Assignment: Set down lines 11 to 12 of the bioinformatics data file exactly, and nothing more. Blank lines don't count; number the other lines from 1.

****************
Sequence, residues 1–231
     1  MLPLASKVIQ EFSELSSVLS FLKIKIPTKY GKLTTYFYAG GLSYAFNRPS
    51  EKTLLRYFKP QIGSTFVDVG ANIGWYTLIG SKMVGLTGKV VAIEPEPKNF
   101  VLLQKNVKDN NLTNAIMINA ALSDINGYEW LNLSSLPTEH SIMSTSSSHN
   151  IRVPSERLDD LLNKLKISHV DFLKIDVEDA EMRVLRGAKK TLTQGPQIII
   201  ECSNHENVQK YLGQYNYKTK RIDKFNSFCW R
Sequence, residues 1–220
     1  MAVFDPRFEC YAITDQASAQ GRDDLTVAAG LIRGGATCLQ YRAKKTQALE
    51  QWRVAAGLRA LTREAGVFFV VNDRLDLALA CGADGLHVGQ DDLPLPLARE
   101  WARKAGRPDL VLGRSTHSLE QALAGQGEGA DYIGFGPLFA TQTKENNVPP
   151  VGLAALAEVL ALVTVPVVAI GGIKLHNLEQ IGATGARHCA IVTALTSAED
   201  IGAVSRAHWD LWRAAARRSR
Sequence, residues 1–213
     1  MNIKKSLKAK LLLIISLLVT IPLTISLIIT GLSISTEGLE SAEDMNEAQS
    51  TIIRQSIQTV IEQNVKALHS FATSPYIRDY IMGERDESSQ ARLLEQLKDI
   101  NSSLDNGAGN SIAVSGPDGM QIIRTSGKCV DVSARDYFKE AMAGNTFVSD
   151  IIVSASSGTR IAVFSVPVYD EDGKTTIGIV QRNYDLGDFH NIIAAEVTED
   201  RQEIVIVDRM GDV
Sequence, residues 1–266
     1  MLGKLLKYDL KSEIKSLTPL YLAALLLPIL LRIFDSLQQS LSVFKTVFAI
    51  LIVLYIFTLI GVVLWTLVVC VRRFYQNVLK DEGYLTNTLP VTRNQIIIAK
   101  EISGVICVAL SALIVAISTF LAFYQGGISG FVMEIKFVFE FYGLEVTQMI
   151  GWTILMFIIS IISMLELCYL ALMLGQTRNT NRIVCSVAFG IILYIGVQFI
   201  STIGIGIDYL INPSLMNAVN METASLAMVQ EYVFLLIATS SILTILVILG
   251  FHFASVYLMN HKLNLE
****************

   151  VGLAALAEVL ALVTVPVVAI GGIKLHNLEQ IGATGARHCA IVTALTSAED
   201  IGAVSRAHWD LWRAAARRSR